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UH Law Center graduates discuss how to succeed in a pandemic during inaugural Black Law Alumni event

University of Houston Law Center alumni and administrators recently participated in a networking event hosted by the Black Law Alumni affinity group.

Hon. Derrick Mitchell '97

Hon. Derrick Mitchell '97, a partner at Holland & Knight LLP, helped host the "Black Law Alumni Virtual Event on Professional Success During Pandemic.”

 

May 29, 2020 - Graduates of the University of Houston Law Center gathered last week via Zoom for a networking gathering entitled, "Black Law Alumni Virtual Event on Professional Success During Pandemic.” The Black Law Alumni organization is a new affinity group that is part of the Law Alumni Association.

Speakers included Sheshe Evans '97, a partner at the HFW law firm, Hon. Jarvis V. Hollingsworth '93, general counsel at Kayne Anderson Capital Advisors and Scott Lemond '94, general counsel of the Harris County Housing Authority.

"We wanted to establish the Black Law Alumni affinity group for networking, to increase engagement and to help open up professional opportunities," said UH Law Alumni Association President Victor Wright ‘98. "This is a well-needed group because we need to be engaged with each other now more than ever as we are navigating this global pandemic."

"Given these trying times, we realize our members could be other places and doing other things, and I want to thank all of the alums for participating," added Hon. Derrick Mitchell '97. "It was an amazing event."

The panel was moderated by Dean Leonard M. Baynes. The first topic that panelists were asked to discuss was how they adjusted their leadership styles amid the coronavirus pandemic.

Scott Lemond discussed the importance of maintaining email etiquette while interacting with co-workers in a remote environment.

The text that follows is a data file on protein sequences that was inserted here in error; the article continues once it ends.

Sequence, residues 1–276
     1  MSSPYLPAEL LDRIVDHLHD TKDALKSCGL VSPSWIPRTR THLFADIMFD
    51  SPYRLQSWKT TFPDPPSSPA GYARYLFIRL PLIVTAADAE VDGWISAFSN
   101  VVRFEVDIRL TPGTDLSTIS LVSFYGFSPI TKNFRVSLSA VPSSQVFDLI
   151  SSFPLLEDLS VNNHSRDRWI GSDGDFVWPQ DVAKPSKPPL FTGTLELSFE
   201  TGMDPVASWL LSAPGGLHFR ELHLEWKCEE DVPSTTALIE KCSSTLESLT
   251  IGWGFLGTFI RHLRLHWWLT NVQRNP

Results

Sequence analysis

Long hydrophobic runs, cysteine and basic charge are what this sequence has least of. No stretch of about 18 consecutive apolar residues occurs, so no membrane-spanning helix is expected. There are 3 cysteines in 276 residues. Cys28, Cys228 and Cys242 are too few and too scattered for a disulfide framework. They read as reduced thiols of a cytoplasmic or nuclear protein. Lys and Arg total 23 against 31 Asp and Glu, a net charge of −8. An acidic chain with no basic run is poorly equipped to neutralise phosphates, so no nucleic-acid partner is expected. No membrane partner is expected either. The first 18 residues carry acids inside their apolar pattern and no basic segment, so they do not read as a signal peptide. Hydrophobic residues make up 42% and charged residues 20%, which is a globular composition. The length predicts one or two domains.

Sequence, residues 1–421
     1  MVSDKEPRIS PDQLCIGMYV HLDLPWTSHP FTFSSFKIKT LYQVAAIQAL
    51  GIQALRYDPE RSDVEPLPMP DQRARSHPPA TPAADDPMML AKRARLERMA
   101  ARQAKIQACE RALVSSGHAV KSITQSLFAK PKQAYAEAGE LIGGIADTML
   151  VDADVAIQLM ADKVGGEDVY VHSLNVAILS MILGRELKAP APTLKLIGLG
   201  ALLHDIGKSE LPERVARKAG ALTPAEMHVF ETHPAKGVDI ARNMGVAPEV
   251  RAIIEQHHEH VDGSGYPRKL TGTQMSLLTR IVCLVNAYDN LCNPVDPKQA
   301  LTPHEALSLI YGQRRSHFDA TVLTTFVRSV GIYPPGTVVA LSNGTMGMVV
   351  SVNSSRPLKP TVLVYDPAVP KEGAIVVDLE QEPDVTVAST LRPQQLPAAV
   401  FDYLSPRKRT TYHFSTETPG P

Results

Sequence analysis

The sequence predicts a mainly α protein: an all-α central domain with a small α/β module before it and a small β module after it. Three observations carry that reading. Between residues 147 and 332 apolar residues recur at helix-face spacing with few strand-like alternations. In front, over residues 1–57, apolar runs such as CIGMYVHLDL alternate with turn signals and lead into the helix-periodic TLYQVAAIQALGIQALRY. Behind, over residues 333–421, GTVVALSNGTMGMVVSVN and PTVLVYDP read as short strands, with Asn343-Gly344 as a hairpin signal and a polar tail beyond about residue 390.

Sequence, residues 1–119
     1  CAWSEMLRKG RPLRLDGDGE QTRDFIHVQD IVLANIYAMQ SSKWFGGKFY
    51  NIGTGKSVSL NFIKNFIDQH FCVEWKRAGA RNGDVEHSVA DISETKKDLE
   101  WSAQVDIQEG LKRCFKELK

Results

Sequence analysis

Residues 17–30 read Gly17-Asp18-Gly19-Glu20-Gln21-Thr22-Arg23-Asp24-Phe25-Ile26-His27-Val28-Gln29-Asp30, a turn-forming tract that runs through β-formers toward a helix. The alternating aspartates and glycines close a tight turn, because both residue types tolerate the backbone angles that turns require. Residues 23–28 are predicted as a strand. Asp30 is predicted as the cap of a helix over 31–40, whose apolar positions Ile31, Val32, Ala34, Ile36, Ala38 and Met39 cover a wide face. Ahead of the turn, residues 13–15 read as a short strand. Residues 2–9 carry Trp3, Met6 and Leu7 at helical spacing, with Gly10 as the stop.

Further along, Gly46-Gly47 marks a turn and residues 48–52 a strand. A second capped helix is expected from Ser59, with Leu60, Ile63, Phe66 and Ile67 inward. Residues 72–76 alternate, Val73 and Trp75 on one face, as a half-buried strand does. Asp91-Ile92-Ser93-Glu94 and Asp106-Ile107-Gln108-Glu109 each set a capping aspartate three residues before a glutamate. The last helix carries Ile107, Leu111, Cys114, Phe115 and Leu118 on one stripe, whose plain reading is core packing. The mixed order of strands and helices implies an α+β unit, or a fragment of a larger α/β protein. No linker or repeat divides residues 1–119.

"It's difficult to maintain relations with your co-workers, to supervise people who are looking for work or guidance," he said. "One of the things I've had to do is think about the way I'm communicating with them especially over email and text messages, or something other than a face-to-face conversation or even a telephone conversation. There is a way to get the point across that something is important without exclamation points and red letters."

Hollingsworth added the importance of being cognizant of the current environment, and that teammates may be going through personal issues that they have not shared.

"Many people's lives have been turned upside down, and we need to be compassionate and empathetic," Hollingsworth said. "It's good to start an email with 'good morning' before launching into a topic."

Evans discussed how her practice has not changed, but she has had to think outside the box at times to be a versatile advocate for her clients.

"My practice is the same, but I have to be more creative and nimble in the way I service my client's needs," she said. "That is foremost in my mind. Some things I may have preferred to do

face-to-face, problems that I might have wanted to solve in a different way, I just have to be more creative about it. That is the primary change and challenge so far."

Among other topics discussed were how to find a mentor while social distancing.

"Identify people who you think you have a connection with, and who you can be of service to," Evans said. "It's not just about what they can do for you, but what you can do for them. If you identify those people, reach out via email or call. Everyone wants to help and understand that if you reach out and ask for help you probably are going to get it."

"You have to stay engaged and be proactive. This is your career and it's not going to happen without your involvement," Scott Lemond added.

Hollingsworth also highlighted the importance of keeping an active online presence as organizations adjust to the COVID-19 pandemic.

"It can be easy to disappear virtually," Hollingsworth added. "This is not the time. Firms are still going to measure everyone at the end of this year. I encourage you to stay actively engaged with associates and partners at your firm, even more so now."

The event was attended from alumni around the country. One of its participants was Jim Lemond '70, the first black graduate of the Law Center.

"I was absolutely thrilled about having the opportunity to attend the virtual panel discussion about the impact of the COVID-19 virus on the practice's of three of the Law Center's most distinguished graduates, all of whom are African-American," he said. "I express my sincere gratitude to Dean Baynes for his leadership and guidance in causing this organization to become established at the Law Center."

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